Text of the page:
kyezhip [ceˈʒip], the word for “to write”, an important verb for a culture that values literacy.
Kharulian verbs whose written form starts with two consonant letters alter the arrangement of those consonants in fairly predictable ways when the verb is conjugated. The two main stem changes are the “short” stem, which drops the vowel between the first two consonants and voices both of them (e.g. magzhip [maɟˈʒip] “I write”), and the “crossed” stem, which drops the vowel, switches the consonants, and unvoices them (e.g. ishkyip [iʃˈcip] “he writes”).
Kyezhip also participates in another non-concatenative process, where the second- and third-person plural forms inject an l into the stem: “you all write” is cheklyezhip [tʃɛc.lʲeˈʒip], while “they write” is iklyezhip [ic.lʲeˈʒip].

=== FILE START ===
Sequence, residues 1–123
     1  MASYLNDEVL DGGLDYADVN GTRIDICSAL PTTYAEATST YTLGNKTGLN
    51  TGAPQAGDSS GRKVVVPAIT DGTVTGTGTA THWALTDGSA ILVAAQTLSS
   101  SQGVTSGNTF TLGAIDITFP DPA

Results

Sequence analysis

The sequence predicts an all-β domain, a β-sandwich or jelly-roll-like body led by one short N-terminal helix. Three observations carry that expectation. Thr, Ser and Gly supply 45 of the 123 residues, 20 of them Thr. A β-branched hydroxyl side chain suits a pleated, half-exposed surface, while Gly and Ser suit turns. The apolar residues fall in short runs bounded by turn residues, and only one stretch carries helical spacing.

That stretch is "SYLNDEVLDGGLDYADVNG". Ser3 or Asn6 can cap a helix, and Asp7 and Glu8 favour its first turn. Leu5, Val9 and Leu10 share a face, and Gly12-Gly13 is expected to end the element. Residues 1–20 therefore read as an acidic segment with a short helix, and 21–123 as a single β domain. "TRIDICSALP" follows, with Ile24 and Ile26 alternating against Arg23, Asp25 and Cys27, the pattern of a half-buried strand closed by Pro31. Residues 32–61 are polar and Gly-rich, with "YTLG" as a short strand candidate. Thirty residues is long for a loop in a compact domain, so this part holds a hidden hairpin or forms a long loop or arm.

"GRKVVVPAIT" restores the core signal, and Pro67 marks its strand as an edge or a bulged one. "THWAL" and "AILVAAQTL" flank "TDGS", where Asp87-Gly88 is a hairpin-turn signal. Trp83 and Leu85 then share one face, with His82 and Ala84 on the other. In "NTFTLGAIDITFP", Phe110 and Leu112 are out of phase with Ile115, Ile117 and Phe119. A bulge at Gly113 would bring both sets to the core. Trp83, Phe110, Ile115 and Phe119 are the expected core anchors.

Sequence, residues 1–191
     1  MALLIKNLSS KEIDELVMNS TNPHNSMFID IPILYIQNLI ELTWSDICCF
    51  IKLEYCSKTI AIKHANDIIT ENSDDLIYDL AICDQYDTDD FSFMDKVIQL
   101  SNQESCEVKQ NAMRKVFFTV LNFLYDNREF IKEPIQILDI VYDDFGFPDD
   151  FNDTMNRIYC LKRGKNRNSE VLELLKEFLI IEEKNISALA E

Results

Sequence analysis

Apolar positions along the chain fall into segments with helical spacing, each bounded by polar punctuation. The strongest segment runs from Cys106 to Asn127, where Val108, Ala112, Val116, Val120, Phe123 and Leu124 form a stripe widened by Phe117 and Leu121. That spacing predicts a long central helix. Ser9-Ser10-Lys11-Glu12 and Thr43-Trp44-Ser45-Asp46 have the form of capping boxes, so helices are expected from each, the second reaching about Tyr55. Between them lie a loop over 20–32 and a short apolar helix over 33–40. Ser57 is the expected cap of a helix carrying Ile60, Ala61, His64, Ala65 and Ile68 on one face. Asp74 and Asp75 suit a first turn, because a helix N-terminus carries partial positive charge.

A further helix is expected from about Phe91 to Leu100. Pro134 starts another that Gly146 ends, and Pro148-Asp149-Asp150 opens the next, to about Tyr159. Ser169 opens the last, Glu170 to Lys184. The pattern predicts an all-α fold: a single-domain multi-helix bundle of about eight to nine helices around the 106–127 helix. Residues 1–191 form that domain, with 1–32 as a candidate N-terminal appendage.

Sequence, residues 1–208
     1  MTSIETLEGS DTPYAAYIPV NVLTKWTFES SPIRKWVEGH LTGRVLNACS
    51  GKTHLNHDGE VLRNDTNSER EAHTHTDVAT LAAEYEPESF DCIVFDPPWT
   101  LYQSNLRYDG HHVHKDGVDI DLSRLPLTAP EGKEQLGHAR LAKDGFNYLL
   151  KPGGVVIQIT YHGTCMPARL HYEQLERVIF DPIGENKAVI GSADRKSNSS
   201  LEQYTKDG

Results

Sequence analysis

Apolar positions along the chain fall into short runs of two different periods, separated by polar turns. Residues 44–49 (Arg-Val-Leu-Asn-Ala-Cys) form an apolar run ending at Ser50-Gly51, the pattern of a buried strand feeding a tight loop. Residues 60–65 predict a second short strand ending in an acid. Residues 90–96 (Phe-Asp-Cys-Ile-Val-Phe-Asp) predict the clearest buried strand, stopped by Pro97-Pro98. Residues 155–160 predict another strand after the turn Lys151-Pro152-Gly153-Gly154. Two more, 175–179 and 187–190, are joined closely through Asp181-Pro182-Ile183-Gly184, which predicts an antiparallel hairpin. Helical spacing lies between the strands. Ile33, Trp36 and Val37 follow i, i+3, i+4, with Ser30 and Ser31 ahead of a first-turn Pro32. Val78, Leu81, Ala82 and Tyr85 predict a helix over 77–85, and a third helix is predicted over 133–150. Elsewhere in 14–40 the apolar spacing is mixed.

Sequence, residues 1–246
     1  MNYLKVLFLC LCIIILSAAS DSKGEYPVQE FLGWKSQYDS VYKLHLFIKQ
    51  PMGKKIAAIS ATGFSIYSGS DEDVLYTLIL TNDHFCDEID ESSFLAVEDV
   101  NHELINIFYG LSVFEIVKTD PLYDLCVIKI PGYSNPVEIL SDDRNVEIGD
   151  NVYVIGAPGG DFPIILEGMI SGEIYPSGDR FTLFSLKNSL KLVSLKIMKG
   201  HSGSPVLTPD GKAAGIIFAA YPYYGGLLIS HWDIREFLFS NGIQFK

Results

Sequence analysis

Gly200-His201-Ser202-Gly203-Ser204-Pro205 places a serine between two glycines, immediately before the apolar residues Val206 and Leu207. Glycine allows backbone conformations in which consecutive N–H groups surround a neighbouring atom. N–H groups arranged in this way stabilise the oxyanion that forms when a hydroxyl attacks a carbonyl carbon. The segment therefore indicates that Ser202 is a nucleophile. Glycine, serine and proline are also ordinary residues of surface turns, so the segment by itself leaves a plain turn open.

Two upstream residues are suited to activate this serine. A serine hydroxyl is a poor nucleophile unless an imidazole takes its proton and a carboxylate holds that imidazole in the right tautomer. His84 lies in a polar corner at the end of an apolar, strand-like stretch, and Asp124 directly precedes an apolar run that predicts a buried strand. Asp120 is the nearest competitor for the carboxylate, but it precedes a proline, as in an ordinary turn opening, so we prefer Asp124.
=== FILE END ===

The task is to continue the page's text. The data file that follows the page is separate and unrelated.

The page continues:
Morphological oddities like these give Kharulian an arcane feel to language learners, who inevitably stumble over them. Once Kharulian had become firmly entrenched in academia, learning it was seen as an important introduction to the scholarly world; only those who could wrap their heads around Kharulian grammar were seen as worthy of studying further.